Pluragrotta is a popular cave diving spot in Norway due to its beauty, extreme depth, and excellent underwater visibility. In 2014, it also became famous as the site of an awful diving accident, and subsequently, an amazing recovery mission.
In February, five Finnish divers attempted a long, deep dive through the caves. Only three were successful, and even they all experienced crippling decompression sickness. Divers were then banned from the cave, and an international team of rescuers searched the cave for the two bodies. After they deemed the mission too dangerous, the three original survivors took matters into their own hands.
With a large support crew but no official clearance, the survivors undertook a daring mission back into the cave’s depths to recover their friends’ bodies. They succeeded and alerted authorities of the bodies, prepared to accept their punishment for violating the cave ban. Instead, they faced no charges, with one of them even earning a medal from the Finnish president.
The documentary “Diving into the Unknown” chronicles the whole story, which is more dramatic and harrowing than any Hollywood blockbuster.
4The Birth Canal
The story of the death of John Edward Jones has become notorious for its heartbreaking and protracted nature. It has even been referred to as “the worst death of all time.”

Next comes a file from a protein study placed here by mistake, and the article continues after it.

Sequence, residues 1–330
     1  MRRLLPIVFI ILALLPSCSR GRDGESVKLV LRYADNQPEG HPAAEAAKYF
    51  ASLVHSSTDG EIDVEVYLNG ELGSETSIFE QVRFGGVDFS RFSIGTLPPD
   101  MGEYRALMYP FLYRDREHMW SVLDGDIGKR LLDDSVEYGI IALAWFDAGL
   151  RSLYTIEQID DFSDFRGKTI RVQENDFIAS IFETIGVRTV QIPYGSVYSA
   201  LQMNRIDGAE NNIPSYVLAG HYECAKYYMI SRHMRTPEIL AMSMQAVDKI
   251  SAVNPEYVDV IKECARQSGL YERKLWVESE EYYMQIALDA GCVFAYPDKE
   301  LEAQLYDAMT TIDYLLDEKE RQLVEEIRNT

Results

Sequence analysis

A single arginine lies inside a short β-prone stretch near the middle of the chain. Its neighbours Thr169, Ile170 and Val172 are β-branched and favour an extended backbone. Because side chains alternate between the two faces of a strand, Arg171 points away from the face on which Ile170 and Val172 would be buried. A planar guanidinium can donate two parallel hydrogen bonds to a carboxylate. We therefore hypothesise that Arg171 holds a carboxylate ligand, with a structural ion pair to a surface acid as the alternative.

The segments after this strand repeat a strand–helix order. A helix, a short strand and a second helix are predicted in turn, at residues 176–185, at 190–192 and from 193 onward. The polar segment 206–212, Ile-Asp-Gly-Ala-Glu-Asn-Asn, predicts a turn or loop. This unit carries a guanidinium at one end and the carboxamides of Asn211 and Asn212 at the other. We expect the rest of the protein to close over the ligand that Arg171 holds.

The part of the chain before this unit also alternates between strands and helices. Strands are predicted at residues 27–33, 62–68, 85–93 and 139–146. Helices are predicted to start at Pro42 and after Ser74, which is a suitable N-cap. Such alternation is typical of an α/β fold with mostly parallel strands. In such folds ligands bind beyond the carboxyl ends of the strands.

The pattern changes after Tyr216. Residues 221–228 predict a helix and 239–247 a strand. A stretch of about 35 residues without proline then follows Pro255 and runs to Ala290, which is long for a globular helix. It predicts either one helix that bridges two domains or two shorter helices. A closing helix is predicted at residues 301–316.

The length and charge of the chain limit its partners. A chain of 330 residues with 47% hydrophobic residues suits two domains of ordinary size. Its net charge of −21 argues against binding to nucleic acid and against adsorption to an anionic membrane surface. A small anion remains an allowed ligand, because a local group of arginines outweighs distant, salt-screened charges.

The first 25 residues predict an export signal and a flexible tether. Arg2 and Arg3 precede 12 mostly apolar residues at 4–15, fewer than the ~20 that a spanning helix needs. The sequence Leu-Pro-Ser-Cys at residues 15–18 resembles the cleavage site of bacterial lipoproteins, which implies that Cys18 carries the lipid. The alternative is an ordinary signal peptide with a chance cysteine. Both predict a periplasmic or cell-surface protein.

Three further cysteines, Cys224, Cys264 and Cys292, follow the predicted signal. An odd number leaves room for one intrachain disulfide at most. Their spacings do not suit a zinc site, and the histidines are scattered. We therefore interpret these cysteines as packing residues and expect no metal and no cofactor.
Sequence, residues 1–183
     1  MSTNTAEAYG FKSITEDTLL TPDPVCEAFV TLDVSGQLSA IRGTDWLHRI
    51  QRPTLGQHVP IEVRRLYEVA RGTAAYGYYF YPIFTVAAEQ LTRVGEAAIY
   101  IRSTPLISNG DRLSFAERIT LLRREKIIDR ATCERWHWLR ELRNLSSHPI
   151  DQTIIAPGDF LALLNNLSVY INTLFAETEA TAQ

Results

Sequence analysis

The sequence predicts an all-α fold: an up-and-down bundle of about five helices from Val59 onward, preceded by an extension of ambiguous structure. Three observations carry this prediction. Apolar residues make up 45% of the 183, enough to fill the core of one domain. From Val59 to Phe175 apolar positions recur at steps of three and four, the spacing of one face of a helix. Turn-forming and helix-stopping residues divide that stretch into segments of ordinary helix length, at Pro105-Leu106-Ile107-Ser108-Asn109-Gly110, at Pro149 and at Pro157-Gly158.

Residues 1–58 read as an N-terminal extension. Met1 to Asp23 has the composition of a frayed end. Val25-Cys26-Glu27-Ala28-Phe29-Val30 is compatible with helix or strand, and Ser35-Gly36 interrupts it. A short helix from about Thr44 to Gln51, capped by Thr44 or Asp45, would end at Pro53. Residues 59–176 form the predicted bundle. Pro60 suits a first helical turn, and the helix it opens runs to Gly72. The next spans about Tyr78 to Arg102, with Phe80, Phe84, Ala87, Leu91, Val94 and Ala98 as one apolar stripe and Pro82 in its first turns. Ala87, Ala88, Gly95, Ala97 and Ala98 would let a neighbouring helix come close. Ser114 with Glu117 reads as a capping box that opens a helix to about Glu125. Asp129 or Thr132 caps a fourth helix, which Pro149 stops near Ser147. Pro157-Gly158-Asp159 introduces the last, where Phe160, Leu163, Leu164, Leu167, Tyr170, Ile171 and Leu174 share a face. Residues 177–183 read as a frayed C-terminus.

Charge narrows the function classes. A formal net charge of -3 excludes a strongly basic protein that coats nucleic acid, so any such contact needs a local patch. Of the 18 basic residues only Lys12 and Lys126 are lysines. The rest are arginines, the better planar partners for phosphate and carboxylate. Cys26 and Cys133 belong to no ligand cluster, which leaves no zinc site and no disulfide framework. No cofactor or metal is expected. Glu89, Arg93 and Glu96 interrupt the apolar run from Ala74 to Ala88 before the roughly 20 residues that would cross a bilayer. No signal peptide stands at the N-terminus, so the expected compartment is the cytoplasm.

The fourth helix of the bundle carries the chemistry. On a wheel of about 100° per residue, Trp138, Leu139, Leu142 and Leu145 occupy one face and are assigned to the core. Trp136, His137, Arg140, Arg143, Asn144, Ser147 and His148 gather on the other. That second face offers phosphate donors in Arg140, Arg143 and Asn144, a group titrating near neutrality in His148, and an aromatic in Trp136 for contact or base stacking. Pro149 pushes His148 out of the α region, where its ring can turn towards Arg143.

On November 24, 2009, Jones and his friends began spelunking in Nutty Putty Cave when Jones decided to attempt passage through a section known as the Birth Canal. The passage is frighteningly narrow and descends vertically, meaning Jones had to wiggle his way down it headfirst. Unfortunately, the mere act of breathing made Jones’s torso too wide for the passage, and he became stuck.
The details of rescuers’ attempts to free Jones are a grim slog of dashed hopes and slow suffering. At one point, Jones was even partially raised out of the Canal by a rope and pulley system, but the machine failed and plunged him right back to his original predicament. After more than 24 hours trapped upside down and compressed, Jones eventually lost his ability to breathe and died. Shortly before his death, rescuers managed to lower a radio down to Jones, who could speak to his wife one last time.
There’s no way to write a list like this and not include the 1967 Mossdale disaster. Located in Yorkshire Dales, England, the Mossdale Caverns were a popular hiking and cave exploration destination. We say were because the 1967 deaths of six cave explorers forced the local government to prohibit any future exploration.